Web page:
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Laws of the universe

  1. Aug 14, 2006 #1
    There are certain laws that govern this universe of ours. for example - the universal law of gravitation, the maxwell's laws and in case it does exist, the TOE... Now consider a universe as a set of laws. So if we give any random set of laws, it uniquely defines a universe. There can of course be some constraints on the set of laws in order to make it define a possible universe, for example, one of the constraints might well be that none of the laws in the set should contradict another. Once we define a universe in this way, we can start imagining various kinds of bizarre universes with several unimaginable laws. And this exercise raises an interesting question. Is there a law that MUST be true in all kind of universes? And if you think on this question for a while, you might come up with the following law :-

    Consider an object which is very rigorously defined, for example, may be, a red ball (a red ball might not be rigorously definable, but that's not the issue here... let's just assume that it is). So then in a given universe, a red ball either exists or doesn't exist.

    Now let's analyse this law. Of course, in our universe, it is true... a red ball either exists or doesnt...

    But is it necessarily going to be true in all the conceivable universes?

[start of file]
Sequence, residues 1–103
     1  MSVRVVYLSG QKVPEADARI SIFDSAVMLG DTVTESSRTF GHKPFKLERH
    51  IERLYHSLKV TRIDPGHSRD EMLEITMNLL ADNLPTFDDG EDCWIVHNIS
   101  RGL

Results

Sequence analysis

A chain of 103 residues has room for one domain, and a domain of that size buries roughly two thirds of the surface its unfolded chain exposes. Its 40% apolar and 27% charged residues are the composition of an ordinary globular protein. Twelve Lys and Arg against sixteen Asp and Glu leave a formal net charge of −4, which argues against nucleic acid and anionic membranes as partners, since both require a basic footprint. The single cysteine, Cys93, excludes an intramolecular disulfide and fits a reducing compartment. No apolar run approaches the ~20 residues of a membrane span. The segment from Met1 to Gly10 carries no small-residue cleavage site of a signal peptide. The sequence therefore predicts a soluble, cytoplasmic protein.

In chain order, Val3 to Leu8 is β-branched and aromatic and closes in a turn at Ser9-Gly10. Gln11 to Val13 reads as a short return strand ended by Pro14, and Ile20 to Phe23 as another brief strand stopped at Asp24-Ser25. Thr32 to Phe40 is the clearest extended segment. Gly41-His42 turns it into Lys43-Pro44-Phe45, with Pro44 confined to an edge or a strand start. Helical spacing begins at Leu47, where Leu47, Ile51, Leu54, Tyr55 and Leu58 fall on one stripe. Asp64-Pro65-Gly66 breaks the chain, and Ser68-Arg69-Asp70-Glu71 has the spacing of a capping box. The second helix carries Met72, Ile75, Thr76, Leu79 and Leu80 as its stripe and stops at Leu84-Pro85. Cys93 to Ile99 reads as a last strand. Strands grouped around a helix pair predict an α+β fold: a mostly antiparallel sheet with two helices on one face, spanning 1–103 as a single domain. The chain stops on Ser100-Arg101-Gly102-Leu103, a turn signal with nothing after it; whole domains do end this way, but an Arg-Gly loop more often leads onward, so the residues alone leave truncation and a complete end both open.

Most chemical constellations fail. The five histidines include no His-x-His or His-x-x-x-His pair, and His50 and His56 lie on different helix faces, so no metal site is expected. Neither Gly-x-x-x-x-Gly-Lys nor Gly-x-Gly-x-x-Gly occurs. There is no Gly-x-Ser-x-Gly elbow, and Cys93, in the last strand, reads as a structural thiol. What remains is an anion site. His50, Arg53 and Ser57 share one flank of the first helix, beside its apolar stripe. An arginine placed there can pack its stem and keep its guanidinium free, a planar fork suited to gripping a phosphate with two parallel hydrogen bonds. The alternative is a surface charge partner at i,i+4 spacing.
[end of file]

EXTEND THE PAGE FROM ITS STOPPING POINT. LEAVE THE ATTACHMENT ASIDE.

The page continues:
I mean, are logical statements like this bound to be true in ALL the universes we can possibly imagine?
     
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  3. Aug 14, 2006 #2

    selfAdjoint

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    Hurkyl noted, up on the Relativity board, that among all relativistic universes, the existence of a spin structure (which we observe) requiires the vanishing of a topological invariant, the first Stiefel-Whitney class. Thus the topology of all possible universes that are like what we observe is somewhat constricted.

    Theorists do think the way you do when they imagine things like "theory space", which some of therir tools, like the renormalization group, require them to do.
     
  4. Aug 14, 2006 #3

    Office_Shredder

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    The first question that popped up into my mind:

    If there is a constraint that no universe can have contradictory laws, then wouldn't a set of laws that permits a red ball to either exist or not exist be contradictory by our logic?

    Then whose logic are we using to determine whether a set of laws is contradictory?
     
  5. Aug 14, 2006 #4

    selfAdjoint

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    The excluded middle is not followed by quantum mechanics, which is I think an "observed constraint" for any universe that contains us.
     
  6. Aug 16, 2006 #5


    I don t know how you can imagine different universes. Laws are mysteries things, like software engineering, and woman. It is used to perdict, but why laws are they way are is something i do not know. my points is: the universe is more than a set of consistent statements.


    let me get your point streigh. can an apple exist, and not exist at the same time in a system where there is no contradiction between facts( whatever). my answer is no, because you made your universe so by your formulation.
     
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